Vettori, Guptill topple Afghanistan


Five matches. Five teams bowled out. Five victories. New Zealand have been off duty the past

week at the World Cup, but their ultra­attacking brand of cricket was as finely tuned as ever.

Daniel Vettori made it look even more menacing with a touch of spin and a lot of guile. His 4 for

18 eased him past 300 ODI wickets and left Afghanistan all but out of the World Cup.

A target of 187 was not going to be taxing, and it provided opportunity for Martin Guptill to find

some touch. A 76­ball 57 included some forceful punches off the back foot and handsome lofts

down the ground ­ both trademarks of the batsman when in full flow. Ross Taylor and Grant

Elliott, members of a middle order that had not done much in the tournament so far, too made the

most of their time in the middle as the hosts won with 83 balls to spare.

Afghanistan’s bowlers were easily handled, especially after Brendon McCullum took the score to

53 in the fifth over, but New Zealand’s were a different story. Trent Boult and Tim Southee had the

new ball on a string. As usual. Adam Milne racked his pace up to 150 kph three balls in. Nothing

new there. McCullum employed seven catching men when Vettori was on a hat­trick. Yawn. New

Zealand have been so intimidating on the field in the World Cup so far that you expected all of

that. Afghanistan, having traversed 10,000 kms in the last week, walloped by Australia in Perth

and barely surviving a cliff­hanger with Scotland in Dunedin, appeared tired and outclassed.

At least until Najibullah Zadran and Samiullah Shenwari used their nervous energy to get a few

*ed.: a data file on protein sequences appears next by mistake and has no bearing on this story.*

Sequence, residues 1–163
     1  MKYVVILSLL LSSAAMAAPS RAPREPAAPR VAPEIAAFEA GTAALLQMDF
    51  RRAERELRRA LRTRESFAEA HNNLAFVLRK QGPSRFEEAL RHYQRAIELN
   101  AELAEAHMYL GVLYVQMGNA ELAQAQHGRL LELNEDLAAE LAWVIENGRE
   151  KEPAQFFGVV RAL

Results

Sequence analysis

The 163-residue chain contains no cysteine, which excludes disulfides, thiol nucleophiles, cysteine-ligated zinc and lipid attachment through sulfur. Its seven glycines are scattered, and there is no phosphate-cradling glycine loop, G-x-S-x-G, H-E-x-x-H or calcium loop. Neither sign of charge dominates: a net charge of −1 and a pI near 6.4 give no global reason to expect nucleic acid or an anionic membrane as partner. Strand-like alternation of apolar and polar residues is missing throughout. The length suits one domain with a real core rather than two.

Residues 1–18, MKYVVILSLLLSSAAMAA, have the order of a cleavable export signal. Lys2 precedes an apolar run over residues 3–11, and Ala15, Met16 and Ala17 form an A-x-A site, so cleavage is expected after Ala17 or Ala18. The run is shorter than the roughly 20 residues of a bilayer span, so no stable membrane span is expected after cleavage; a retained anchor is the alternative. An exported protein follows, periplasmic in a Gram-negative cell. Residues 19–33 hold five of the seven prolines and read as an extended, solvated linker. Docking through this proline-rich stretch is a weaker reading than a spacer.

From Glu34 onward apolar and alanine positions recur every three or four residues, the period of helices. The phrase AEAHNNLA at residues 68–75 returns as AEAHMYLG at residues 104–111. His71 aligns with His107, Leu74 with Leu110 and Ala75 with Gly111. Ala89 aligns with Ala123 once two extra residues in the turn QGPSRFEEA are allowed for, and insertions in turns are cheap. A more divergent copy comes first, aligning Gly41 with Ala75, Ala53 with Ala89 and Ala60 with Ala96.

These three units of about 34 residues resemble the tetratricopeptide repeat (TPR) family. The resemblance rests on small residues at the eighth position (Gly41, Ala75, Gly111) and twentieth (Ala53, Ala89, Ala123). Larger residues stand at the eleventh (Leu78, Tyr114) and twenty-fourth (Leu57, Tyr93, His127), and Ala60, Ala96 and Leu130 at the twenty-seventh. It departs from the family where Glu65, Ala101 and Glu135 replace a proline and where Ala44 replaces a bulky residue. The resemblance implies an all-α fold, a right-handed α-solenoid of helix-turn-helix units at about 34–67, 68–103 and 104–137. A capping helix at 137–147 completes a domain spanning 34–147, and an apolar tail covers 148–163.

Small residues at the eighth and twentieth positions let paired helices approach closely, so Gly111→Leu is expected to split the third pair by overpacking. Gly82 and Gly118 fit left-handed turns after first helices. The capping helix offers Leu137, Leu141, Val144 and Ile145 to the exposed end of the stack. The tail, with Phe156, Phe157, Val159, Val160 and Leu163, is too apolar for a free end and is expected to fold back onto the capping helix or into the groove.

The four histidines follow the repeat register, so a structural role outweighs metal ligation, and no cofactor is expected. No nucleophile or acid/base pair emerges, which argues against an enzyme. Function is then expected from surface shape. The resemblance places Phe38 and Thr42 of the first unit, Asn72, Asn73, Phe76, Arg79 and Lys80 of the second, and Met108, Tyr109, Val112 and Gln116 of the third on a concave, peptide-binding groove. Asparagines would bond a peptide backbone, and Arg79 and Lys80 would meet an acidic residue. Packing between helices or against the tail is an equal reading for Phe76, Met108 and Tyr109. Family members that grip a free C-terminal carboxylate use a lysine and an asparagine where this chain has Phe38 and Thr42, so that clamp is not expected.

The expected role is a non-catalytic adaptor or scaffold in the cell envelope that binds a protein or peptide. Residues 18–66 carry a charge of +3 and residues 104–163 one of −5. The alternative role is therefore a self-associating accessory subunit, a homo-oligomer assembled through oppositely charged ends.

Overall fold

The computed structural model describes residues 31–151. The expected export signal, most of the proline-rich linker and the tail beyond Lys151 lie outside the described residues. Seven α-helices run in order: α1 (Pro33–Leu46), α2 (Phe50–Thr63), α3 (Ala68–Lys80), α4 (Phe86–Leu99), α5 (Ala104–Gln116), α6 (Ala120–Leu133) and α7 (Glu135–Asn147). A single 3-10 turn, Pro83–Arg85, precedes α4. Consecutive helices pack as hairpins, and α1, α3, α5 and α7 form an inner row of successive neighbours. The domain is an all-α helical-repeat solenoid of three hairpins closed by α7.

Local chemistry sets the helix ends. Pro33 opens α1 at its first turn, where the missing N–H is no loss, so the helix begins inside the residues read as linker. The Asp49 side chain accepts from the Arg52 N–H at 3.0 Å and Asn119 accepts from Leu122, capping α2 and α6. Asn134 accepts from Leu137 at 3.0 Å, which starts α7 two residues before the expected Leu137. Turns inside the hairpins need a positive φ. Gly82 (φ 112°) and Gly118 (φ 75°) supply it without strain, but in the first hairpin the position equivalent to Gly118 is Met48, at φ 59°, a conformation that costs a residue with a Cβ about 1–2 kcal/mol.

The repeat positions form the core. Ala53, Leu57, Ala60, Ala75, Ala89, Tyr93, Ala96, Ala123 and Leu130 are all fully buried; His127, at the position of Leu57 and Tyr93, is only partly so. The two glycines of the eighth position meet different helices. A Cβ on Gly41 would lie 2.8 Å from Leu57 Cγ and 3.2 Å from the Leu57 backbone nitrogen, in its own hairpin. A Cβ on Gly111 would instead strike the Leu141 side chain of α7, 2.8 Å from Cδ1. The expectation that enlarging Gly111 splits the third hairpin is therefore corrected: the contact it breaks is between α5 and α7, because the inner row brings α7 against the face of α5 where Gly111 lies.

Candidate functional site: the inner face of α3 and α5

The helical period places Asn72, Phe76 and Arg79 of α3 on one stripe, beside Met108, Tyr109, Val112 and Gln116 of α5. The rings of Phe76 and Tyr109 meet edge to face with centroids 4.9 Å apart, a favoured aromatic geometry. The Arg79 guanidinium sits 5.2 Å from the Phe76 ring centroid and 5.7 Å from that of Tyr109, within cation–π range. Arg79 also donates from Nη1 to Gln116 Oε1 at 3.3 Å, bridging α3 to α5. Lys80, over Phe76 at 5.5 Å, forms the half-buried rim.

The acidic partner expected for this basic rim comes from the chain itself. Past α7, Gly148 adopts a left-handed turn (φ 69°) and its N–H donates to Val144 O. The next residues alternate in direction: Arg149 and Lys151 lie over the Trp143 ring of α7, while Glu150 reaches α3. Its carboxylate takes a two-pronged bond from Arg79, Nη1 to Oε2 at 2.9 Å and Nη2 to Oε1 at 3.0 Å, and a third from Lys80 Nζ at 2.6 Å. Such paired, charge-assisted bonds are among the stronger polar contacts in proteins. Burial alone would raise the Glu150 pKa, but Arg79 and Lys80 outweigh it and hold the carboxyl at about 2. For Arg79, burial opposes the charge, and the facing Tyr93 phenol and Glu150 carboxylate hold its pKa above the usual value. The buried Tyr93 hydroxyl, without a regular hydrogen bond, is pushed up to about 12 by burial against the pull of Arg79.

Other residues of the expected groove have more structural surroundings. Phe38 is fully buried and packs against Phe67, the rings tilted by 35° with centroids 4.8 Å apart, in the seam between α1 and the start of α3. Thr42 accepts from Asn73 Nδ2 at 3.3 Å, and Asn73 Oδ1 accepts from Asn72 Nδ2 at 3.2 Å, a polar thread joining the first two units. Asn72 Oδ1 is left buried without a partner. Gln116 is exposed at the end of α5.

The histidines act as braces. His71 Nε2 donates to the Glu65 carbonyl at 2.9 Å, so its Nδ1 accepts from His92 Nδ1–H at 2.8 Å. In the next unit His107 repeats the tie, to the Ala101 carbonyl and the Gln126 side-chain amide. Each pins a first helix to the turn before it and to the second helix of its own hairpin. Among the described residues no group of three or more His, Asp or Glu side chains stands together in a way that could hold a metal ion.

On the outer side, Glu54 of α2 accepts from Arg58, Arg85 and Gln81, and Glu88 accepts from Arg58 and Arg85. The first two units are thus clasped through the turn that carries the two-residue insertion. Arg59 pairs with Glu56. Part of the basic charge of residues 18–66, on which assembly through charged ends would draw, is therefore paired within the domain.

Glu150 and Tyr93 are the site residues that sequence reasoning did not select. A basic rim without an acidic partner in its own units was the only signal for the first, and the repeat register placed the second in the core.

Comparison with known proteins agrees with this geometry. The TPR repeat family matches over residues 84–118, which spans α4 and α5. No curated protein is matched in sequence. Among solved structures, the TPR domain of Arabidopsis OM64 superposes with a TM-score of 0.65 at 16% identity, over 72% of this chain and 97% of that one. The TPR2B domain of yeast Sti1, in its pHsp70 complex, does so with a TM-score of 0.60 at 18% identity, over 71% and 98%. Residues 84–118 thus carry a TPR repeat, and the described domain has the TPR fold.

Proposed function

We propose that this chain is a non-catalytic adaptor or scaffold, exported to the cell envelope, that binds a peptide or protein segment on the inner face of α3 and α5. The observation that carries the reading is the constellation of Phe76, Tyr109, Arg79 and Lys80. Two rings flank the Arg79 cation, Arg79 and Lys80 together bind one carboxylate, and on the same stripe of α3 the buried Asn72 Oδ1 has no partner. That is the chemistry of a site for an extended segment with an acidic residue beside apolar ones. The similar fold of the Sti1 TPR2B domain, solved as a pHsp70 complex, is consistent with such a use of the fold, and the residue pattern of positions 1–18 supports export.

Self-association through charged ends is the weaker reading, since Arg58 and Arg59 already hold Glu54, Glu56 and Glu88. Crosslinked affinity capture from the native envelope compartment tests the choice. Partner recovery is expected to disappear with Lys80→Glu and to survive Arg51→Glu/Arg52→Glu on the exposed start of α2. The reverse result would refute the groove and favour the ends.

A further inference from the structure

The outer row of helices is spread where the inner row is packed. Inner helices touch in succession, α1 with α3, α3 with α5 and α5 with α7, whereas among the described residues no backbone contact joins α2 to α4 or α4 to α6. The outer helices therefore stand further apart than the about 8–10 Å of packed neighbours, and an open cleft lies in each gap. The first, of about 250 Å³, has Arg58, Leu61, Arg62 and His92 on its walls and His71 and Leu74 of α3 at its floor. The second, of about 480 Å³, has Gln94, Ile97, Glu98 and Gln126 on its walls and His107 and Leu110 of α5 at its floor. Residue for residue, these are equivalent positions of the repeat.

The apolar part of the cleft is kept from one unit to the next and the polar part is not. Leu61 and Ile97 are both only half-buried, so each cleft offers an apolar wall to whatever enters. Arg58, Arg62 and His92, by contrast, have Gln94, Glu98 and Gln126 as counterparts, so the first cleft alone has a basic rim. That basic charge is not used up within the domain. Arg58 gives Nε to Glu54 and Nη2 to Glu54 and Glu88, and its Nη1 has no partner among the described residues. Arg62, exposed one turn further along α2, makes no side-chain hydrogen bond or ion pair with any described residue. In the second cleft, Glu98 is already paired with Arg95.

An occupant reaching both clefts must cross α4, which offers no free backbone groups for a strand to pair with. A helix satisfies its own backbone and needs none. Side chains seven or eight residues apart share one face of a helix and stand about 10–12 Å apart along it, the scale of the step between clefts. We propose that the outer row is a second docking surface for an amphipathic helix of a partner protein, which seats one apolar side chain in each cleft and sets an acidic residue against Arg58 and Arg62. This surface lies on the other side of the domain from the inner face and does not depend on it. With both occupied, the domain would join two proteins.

big hits away and created some breathing space. They came together at 59 for 6 in the 20th over,

waited for the swing to fade away, Vettori’s spell to end and the fifth bowler Corey Anderson, to

push New Zealand into bowling the most overs they have in an innings in this World Cup.

The seventh wicket added 86 runs as Najibullah made a run­a­ball half­century, including a six off

Southee that landed on the roof, and Shenwari batted through a nasty blow that left a visible dent

on the back of his helmet to make a hard­working 54 off 110. Their application should please

Afghanistan as much as the lack of it from the others should displease them.

Vettori’s first wicket was a happy accident, although it came off the first ball he bowled. He was

sneaked into the attack in the third over to allow Southee and Boult to switch ends and the bonus

was Usman Ghani playing down the wrong line to lose his off stump. The delivery, though, was a

beauty. Tossed up, drifting with the arm and skidding between bat and pad.

But McCullum preferred pace with the new ball. This time Southee and Boult were bowling at the

ends that assisted their respective away swingers. Boult heightened his threat by coming round the

wicket and his captain encouraged the search for the outside edge by providing two slips and two

gullies. But Asghar Stanikzai would feel disappointed that he fell into that trap off a short ball that